Good Monday morning, folks! Sorry I missed you all together on Sunday. I had a terrible allergy attack Saturday night, followed by a sleepless night courtesy of ol' Pip. This landed me in bed all day yesterday.
Let me tell you, if I can:
*take two Excedrin PM
*be absolutely exhausted
*suffered an allergy attack that felt like I'd been inhaling fiberglass
And that damn dog can still make enough noise to wake me up, then everyone should start getting concerned about ol' Pip's well being. No, I didn't kill him. I thought about it though.
I'm blaming that on the drugs. Fortunately, I still had enough of my right mind left that I didn't fling Pip into oblivion. It would be bad for my relationship with Bart. It would be very bad for Pip's general well being. Besides, I was too exhausted and drugged to actually move. So, I didn't.
I managed to medicate Big Mac's eyes--he has conjunctivitis--give Bun-Bun hay, feed and medicate Spot, and feed and medicate the cats. Then, that was it for me yesterday. Back to bed. I felt weak. I had a low-grade fever.
I hate climate change! I've never had bad allergies. Pollen has never struck in March, either. Again, if you don't believe in climate change, get a job outside and you will!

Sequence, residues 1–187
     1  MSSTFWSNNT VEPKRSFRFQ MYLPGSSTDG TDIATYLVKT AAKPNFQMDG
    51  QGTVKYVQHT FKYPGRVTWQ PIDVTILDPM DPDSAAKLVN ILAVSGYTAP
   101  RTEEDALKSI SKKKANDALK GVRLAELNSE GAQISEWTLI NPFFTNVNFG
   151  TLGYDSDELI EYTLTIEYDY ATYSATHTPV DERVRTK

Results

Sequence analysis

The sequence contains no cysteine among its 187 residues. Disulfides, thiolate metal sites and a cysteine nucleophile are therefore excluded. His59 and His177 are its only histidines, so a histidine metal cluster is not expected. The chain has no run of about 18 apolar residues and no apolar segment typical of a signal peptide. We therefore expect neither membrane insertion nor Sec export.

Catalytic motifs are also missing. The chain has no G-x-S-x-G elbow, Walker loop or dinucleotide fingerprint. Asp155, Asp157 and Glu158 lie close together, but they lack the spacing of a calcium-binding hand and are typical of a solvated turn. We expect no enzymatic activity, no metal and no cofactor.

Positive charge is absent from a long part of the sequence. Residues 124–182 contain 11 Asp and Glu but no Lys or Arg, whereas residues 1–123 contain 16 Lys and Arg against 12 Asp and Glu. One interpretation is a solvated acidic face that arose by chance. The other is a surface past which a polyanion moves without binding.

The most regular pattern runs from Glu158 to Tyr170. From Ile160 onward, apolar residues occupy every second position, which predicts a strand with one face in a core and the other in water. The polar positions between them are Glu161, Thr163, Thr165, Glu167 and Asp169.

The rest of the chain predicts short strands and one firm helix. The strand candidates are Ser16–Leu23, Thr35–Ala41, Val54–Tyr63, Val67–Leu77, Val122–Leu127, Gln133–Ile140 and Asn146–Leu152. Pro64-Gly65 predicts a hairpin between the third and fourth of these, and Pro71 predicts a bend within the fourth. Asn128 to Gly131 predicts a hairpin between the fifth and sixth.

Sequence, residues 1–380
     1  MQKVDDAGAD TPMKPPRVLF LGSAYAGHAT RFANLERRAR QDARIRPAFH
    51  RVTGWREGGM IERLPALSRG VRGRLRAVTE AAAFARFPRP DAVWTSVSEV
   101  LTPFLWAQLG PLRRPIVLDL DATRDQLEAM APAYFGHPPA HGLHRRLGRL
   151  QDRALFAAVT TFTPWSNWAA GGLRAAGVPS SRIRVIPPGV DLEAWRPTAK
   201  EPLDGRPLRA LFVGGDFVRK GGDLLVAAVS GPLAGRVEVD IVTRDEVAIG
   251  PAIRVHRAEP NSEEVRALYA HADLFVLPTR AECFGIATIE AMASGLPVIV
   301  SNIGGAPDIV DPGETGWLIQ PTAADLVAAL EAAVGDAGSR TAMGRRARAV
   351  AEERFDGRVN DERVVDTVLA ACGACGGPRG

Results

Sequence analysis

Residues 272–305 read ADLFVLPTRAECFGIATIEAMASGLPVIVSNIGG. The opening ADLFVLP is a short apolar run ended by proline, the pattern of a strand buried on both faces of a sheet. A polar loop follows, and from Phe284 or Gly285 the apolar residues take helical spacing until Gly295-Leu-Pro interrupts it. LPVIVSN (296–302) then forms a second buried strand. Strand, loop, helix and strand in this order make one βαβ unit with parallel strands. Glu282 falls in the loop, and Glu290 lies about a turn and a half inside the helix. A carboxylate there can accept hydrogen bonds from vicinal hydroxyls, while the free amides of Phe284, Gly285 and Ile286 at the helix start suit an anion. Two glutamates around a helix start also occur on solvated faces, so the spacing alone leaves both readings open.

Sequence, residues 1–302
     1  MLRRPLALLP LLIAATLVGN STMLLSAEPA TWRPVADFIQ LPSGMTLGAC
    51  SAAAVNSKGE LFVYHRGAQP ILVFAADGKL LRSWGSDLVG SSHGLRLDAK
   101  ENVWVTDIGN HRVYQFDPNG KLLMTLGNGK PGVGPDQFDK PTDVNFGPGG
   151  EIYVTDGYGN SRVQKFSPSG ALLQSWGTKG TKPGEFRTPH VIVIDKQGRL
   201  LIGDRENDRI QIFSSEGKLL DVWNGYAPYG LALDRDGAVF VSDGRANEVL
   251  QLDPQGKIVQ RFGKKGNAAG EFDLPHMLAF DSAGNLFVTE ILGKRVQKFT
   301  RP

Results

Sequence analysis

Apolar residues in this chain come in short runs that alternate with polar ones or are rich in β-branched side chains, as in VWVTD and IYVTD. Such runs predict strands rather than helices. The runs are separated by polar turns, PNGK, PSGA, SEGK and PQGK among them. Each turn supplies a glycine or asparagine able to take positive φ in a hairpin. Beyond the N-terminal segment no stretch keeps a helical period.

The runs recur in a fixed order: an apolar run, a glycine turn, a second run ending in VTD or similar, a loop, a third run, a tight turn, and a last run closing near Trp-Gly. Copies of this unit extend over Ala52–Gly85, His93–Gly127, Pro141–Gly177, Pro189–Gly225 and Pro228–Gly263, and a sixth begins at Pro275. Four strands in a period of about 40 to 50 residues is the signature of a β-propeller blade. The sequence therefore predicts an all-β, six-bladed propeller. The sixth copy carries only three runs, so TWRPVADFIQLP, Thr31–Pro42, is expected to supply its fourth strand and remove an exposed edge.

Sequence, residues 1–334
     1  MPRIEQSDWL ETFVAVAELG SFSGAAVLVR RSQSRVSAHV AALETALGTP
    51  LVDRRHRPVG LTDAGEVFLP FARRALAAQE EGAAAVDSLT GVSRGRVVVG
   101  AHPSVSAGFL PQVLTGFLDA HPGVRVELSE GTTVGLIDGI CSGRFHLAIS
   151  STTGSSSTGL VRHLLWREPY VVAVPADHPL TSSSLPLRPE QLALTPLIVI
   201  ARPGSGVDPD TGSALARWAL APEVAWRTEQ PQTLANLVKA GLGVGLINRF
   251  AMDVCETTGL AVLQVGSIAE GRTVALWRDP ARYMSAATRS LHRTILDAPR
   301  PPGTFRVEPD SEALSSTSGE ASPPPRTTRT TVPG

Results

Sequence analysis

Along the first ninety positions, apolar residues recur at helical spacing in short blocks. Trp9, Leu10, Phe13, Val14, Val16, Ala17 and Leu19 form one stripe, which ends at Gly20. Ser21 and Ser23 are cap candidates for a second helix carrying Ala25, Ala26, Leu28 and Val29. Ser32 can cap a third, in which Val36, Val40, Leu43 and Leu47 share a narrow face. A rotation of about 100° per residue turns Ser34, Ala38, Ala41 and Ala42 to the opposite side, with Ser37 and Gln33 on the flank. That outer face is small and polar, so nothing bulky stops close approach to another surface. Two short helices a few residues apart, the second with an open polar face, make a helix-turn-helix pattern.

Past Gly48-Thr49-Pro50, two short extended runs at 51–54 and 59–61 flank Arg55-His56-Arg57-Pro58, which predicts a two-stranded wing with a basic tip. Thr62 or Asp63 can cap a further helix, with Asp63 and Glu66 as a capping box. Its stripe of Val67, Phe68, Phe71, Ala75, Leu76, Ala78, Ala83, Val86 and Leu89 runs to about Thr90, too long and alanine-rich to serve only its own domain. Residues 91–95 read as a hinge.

Thank God for Bart! He stayed all day. He fed all of the horses, the outside dogs and cat--Coffee, Killer, and Sasha. He medicated Big Mac's eyes again.
He fixed wheelbarrows. He fixed Tar's fence in one of the places he broke--the other will have to wait. He put the door back on my antique armoire. He filled up water troughs.
If it needed doing yesterday, my wonderful man did it. There are not many guys out there who'd do these things, particularly when they have no vested interest in my farm. Bart is a good man.
So, now you see why I missed telling you a story. I'll make up for it. You're kind'a getting two stories in one. The one above and the one to follow.
When something goes wrong, like it did in abundance on Friday, my mentor, RW, says to me, "Did you learn something?" He's right. We shouldn't waste our mistakes and our bad days. If we learn something from it, it wasn't all bad. I told you, he teaches me about life as much as he teaches me about horses.